Designed for the whole family in the mid-60s, then very quickly adopted by skateboarders, the Vans Authentic has become an all-purpose sneaker that you slip on in the summer without thinking. Back to the origin of Vans.
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Origin of Vans
On Wednesday, March 16, 1966, Paul and Jim Van Doren barely exhibited the prototype of the #44, future Authentic, in the window that a first customer, then two, then soon a dozen, pushes for the first time the door of their shop at 704 E Broadway, in Anaheim, in the southern suburbs of Los Angeles. Attracted that morning by the promise of affording these tenacious tennis shoes at low prices (from 2 to 5 dollars), everyone leaves… empty-handed. They will pick up their pair in the afternoon, once it has been made.
This is the innovative principle of the Van Doren Rubber Company, founded by these two brothers from Boston: produce to order and on site, in the small factory which adjoins the 40 m2 of the shop. And direct selling this sturdy canvas shoe resting on a vulcanized, non-slip rubber waffle sole.
Skateboarders embrace Vans
Designed for boaters to prevent them from falling overboard, school sports teams and “for the whole family”, theAuthentic is surprisingly adopted by these hordes of kids with long hair defying the bitumen on noisy skateboards: skateboarders. Invented by surfers in the late 1950s and practiced while waiting for the swell, skateboarding is a marginal pastime ignored by the sports industry.
THE riders then set their sights on this Authentic with unsuspected virtues: its flexible and robust upper resists tricks and bowls, and the grip of its sole offers miraculous grip. “From the moment skateboarders and surfers wore our shoes in the early 70s, Vans found a style and, above all, a purpose: to always support skateboarders as they did to our beginnings”, says Steve Van Doren, son and successor of Paul. The brand and the discipline will be one, forever.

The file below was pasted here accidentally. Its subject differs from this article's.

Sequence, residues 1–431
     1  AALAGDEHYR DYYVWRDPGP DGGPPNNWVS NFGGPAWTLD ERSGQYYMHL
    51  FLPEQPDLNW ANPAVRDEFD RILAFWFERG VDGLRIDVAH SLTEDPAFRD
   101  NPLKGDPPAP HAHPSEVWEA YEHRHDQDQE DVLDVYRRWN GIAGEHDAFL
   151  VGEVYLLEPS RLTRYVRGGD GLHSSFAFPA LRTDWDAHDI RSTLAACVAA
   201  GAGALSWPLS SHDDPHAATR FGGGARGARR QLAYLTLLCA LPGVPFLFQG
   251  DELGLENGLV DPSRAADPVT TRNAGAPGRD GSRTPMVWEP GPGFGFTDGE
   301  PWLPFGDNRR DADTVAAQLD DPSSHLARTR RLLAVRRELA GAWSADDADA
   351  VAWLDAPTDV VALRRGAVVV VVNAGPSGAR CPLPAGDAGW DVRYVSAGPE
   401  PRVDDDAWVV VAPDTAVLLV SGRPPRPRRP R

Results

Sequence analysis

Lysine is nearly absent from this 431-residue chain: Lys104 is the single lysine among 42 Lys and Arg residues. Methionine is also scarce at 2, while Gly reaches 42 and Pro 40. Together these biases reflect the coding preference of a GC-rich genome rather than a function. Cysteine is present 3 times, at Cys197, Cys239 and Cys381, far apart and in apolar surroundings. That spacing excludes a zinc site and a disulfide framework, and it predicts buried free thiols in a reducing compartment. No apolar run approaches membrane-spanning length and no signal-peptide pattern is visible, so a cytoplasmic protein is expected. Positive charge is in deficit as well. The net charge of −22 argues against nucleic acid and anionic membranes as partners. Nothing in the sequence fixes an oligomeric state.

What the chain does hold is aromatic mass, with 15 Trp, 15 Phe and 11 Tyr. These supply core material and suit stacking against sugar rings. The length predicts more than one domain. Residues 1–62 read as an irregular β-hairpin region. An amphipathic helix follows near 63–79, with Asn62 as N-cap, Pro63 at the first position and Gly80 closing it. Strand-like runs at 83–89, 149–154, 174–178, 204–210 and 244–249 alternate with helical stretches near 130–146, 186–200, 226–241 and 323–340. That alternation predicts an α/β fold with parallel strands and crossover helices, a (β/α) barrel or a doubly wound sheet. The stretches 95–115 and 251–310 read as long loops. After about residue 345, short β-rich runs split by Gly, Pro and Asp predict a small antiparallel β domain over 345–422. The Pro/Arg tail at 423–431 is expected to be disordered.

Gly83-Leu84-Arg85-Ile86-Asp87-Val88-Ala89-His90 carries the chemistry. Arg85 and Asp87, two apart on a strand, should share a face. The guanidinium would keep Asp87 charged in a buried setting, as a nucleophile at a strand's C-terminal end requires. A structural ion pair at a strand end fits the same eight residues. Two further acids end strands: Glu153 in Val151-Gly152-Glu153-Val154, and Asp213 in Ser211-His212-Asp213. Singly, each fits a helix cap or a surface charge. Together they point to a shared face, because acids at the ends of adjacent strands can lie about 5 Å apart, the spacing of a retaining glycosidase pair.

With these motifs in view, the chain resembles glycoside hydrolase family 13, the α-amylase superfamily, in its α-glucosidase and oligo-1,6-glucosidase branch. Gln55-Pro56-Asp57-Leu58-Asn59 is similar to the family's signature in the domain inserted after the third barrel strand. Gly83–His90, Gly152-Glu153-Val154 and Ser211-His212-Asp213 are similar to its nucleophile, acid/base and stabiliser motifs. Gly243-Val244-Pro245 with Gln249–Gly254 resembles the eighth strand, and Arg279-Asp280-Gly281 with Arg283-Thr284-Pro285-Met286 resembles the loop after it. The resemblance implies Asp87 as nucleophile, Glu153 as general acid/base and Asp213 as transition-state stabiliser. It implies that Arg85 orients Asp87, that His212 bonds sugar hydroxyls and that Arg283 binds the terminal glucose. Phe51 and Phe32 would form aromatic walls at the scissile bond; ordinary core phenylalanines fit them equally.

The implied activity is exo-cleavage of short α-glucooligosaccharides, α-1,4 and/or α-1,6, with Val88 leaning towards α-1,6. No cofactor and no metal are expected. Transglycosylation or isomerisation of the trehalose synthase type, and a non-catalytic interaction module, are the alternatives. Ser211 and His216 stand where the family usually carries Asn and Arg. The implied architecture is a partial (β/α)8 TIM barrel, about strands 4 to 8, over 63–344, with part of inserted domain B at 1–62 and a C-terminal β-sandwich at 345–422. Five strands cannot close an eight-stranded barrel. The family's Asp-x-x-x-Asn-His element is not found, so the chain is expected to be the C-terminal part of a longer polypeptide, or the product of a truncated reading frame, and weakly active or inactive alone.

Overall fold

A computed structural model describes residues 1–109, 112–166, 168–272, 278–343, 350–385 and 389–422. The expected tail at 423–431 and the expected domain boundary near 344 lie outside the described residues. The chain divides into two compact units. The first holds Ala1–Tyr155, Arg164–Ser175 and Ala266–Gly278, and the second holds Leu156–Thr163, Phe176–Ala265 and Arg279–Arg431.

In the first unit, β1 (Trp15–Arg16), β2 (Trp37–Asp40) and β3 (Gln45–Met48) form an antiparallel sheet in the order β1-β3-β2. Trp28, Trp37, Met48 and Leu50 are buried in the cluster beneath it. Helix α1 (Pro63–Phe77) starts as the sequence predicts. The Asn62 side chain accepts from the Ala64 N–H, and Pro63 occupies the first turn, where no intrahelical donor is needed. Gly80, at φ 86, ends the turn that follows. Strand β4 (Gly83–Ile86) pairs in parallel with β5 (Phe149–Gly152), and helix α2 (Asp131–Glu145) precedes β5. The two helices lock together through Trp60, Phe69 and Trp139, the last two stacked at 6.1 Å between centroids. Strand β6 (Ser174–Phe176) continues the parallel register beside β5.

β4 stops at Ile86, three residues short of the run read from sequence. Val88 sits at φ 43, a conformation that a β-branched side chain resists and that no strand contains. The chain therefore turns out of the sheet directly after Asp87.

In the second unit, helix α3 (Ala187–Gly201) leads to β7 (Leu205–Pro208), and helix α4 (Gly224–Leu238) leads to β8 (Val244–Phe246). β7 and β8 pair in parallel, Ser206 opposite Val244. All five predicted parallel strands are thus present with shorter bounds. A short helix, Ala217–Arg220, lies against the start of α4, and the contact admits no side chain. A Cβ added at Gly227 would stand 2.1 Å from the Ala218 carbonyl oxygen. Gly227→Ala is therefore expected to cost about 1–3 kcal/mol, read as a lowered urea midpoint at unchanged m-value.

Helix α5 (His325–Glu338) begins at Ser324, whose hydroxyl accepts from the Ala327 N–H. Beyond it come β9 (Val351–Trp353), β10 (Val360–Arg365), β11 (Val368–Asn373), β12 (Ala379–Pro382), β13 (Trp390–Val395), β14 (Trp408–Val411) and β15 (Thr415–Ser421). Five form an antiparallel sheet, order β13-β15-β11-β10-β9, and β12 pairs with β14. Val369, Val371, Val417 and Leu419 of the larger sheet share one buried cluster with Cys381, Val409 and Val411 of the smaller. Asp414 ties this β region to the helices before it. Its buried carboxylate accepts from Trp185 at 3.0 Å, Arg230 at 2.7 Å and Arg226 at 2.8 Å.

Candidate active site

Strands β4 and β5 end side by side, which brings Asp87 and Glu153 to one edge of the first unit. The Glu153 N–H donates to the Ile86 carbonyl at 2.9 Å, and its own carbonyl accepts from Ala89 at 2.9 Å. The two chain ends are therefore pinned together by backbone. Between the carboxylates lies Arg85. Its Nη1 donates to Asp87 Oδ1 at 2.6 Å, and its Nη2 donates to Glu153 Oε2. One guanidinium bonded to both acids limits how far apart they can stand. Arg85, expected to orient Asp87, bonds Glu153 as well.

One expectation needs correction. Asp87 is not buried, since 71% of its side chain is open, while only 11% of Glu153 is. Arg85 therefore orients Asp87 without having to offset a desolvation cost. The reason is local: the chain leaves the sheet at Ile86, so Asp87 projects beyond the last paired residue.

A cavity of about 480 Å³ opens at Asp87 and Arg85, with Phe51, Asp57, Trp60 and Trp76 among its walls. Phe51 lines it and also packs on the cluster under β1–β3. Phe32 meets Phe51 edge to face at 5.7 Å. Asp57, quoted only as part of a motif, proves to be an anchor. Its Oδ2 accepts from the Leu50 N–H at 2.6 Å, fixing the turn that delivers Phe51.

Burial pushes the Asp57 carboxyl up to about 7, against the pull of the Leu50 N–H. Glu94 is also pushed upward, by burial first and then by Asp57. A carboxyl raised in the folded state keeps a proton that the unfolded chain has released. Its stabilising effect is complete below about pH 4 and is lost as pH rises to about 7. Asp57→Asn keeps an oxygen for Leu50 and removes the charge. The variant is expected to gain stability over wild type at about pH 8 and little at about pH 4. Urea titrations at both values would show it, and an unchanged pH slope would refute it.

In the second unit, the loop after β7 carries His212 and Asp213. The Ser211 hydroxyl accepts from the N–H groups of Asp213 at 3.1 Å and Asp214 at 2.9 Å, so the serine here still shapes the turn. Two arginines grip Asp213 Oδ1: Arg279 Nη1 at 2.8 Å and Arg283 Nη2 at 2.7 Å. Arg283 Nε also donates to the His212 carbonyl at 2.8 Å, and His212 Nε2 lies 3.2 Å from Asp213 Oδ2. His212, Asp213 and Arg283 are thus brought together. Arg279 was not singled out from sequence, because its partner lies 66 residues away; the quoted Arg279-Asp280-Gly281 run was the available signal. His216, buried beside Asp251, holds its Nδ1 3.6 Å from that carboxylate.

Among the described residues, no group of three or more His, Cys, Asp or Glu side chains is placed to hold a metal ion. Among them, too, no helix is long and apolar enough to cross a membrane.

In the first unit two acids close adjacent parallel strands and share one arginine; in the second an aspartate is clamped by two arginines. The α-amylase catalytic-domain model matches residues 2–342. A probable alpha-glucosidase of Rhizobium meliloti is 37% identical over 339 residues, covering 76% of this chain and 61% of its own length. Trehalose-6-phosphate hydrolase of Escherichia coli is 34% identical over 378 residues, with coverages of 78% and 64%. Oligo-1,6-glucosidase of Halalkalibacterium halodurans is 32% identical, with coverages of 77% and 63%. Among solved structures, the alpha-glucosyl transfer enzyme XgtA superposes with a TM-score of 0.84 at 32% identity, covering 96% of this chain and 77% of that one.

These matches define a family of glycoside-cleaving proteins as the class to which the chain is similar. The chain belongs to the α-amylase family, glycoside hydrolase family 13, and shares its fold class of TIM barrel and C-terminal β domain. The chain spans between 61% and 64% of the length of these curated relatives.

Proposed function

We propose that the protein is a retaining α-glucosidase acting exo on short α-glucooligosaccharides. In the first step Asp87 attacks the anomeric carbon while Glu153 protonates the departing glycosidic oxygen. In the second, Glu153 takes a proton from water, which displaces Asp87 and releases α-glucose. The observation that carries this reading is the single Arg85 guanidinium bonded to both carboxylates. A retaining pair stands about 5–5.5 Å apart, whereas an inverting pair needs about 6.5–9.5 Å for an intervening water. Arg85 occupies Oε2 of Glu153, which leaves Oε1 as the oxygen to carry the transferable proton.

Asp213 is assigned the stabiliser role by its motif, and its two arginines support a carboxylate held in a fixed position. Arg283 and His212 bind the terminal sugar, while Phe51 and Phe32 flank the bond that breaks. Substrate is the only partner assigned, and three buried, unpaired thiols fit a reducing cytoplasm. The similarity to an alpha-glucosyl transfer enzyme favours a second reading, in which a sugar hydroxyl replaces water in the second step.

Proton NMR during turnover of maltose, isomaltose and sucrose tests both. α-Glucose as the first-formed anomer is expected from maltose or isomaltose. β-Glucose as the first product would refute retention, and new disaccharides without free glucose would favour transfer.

Bankruptcy and rebirth
Having become the fetish pump of the Z‑Boys – of the Zephyr Competition Team –, this crew of Venice whose leaders Tony Alva and Stacy Peralta will be the first Vans muses (for 300 dollars per month), theAuthentic swept along with skateboarding in LA in the summer of 1975. Drought forced swimming pool owners in Southern California to empty these curved pools which became the clandestine playground of skateboarders.
A year later, Vans and the Alva-Peralta duo gave her a little sister, the #95 a.k.a. L’era, recognizable by its padded ankle collar and its red and/or blue colors, soon inseparable from everything that rolls (BMX, rollerblading).
Alas, this sneaker suddenly disappeared from the radar with the bankruptcy of Vans in 1983. But the history of Vans did not write its end point. It will take twenty years to once again become the outward sign of belonging to the religion of cool, at the feet of rockers, big teenagers and Hollywood stars (Justin Bieber, Zac Efron, Harry Styles…).
At nearly 60 years old, this unbreakable totem of skate culture is today a classic in summer dressing worn brand new to a wedding or at the end of its life on the beach. Before renewing them with your eyes closed…
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